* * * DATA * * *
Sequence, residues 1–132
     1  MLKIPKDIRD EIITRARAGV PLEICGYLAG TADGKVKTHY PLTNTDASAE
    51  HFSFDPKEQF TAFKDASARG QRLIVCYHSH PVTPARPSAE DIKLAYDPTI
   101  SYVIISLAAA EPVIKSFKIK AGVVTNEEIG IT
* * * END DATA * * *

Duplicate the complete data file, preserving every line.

Sequence, residues 1–132
     1  MLKIPKDIRD EIITRARAGV PLEICGYLAG TADGKVKTHY PLTNTDASAE
    51  HFSFDPKEQF TAFKDASARG QRLIVCYHSH PVTPARPSAE DIKLAYDPTI
   101  SYVIISLAAA EPVIKSFKIK AGVVTNEEIG IT